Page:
Portman Group's Independent Complaints Panel has ruled that Healey’s Texan-style Hard Cyder has breached alcohol responsibility rules for making alcoholic strength its dominant theme.
A member of the public complained that the product name had links with toughness, violence and aggression.
The Cornish Cyder Farm, owners of Healey’s Texan-style Hard Cyder, explained that the product had been inspired by Texan heritage and that it had purposely adopted the American terminology of ‘hard cider’ meaning cider with alcohol. In America, ‘cider’ is non-alcoholic.
In considering the complaint, the Panel noted that there was an explanation on the back of the label explaining the use of ‘hard’ cider as referring to an alcohol drink. The Panel felt, however, that such an explanation was not relevant to UK consumers to whom ‘cider’ exclusively referred to an alcoholic drink. The Panel considered that while in some UK regions the term ‘hard’ could imply a person was violent and aggressive, this term was not universally recognised, while ‘hard’ in the context of an alcoholic drink, had direct associations with strong alcohol and this led the product to breach the Code.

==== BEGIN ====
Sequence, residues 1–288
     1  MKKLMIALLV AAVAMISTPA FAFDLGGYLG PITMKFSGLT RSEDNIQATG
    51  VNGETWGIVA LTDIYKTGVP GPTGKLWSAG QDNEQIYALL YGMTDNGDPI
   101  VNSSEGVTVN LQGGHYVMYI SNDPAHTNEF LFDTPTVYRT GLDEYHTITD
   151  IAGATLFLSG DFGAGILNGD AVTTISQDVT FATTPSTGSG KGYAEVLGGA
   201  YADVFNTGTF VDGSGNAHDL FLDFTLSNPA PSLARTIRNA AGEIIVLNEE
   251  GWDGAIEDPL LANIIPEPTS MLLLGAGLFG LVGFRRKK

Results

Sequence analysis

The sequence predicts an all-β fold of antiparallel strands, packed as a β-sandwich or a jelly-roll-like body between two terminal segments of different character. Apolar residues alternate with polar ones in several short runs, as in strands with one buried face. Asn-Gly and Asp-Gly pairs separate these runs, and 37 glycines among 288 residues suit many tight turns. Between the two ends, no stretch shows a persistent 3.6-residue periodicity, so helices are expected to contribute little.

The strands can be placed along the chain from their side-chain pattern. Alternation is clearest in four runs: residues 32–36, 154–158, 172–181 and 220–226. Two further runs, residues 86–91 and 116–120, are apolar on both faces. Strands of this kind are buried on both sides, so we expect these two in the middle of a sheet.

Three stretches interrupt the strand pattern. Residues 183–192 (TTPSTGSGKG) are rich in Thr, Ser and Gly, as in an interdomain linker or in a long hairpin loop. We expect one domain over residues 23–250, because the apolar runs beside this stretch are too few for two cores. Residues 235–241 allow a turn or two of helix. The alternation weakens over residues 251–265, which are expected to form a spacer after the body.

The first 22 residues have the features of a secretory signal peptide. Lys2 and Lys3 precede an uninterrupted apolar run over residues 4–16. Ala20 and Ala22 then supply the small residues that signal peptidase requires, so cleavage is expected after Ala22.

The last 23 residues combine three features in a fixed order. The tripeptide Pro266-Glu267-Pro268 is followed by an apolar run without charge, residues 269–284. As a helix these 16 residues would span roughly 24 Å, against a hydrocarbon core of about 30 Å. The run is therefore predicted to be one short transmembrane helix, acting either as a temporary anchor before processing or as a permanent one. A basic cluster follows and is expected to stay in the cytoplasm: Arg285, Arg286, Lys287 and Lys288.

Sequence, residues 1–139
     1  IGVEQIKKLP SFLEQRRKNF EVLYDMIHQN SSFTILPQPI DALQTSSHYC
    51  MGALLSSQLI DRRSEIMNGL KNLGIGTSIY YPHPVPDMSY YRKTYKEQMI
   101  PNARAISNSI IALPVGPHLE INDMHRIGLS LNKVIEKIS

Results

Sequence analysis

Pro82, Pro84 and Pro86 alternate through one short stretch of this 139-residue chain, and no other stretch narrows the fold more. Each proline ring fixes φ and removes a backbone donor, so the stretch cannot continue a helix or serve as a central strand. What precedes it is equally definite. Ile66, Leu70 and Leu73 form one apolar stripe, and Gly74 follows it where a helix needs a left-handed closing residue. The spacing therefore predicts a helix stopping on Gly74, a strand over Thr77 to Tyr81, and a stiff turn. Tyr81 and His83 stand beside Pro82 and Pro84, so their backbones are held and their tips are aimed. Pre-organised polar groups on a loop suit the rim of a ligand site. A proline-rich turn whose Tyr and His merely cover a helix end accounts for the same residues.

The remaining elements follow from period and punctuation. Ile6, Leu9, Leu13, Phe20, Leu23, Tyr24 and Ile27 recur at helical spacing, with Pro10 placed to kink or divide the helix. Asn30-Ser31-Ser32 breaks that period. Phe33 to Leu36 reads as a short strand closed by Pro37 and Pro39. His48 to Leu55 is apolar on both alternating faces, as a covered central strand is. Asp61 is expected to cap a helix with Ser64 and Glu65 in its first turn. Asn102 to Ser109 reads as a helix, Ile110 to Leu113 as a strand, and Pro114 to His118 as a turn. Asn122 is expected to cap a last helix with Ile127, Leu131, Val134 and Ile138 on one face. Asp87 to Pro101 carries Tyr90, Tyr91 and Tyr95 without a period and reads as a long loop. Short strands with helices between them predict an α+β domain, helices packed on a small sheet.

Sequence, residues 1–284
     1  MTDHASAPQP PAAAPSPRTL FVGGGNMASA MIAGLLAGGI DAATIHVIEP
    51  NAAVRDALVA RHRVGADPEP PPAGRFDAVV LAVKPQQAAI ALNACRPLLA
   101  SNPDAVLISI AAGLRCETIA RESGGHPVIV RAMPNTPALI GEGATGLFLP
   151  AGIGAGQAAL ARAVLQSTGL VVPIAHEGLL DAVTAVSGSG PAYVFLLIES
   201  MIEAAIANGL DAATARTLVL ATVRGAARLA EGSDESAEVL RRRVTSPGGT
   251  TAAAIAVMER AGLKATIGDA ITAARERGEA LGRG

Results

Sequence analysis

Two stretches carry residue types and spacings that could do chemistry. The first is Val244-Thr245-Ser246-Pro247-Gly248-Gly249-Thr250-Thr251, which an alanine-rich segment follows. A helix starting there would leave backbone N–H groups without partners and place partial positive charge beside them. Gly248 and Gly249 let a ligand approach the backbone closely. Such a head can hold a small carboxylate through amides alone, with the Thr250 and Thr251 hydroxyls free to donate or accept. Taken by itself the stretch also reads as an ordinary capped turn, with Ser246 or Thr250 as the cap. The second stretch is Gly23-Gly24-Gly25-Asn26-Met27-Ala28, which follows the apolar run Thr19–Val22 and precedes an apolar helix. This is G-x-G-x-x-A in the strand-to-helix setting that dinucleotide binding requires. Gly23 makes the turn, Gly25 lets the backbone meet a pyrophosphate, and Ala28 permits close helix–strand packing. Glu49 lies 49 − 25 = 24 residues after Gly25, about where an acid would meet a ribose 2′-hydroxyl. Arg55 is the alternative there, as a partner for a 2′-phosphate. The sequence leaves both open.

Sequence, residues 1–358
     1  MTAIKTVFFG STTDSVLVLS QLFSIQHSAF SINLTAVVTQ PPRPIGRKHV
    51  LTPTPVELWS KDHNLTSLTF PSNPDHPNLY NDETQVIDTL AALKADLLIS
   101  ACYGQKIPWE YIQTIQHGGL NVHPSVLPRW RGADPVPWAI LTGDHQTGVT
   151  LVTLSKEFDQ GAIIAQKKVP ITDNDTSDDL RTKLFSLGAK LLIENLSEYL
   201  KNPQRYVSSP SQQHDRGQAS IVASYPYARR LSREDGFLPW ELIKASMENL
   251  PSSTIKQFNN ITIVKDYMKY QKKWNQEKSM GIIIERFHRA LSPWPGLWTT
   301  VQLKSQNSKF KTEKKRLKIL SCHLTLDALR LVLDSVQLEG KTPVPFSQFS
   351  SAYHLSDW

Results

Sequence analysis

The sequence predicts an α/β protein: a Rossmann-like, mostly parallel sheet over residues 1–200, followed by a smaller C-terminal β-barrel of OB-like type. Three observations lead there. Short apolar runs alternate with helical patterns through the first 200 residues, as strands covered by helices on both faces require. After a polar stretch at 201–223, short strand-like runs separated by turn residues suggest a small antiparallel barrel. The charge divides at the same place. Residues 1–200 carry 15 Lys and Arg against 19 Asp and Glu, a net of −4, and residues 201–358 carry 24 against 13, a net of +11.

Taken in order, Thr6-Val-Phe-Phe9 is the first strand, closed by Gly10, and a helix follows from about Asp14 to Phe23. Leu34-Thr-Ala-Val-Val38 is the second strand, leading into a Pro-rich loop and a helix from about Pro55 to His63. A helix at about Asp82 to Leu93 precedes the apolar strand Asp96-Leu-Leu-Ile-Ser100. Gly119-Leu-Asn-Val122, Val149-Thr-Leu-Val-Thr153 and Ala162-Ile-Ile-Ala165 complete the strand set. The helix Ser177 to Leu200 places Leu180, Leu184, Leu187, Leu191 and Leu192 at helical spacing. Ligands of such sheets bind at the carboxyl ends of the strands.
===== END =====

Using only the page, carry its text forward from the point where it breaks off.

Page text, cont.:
Henry Ashworth, Chief Executive of the Portman Group, which provides the secretariat for the Independent Complaints Panel, said:
"It is not acceptable to make alcohol strength the dominant theme of a drink. Alcohol producers must exercise extreme caution and we strongly recommend they use the Portman Group’s free pre-launch advice service. We are pleased that the company has agreed to consult our Advisory Service going forward.
A Retailer Alert Bulletin has been issued which instructs licensees and retailers not to place orders for Healey’s Texan-style Hard Cyder in its current form after 15 April 2012.
Rulings made by the Panel are published in full on the Portman Group’s website www.portmangroup.org.uk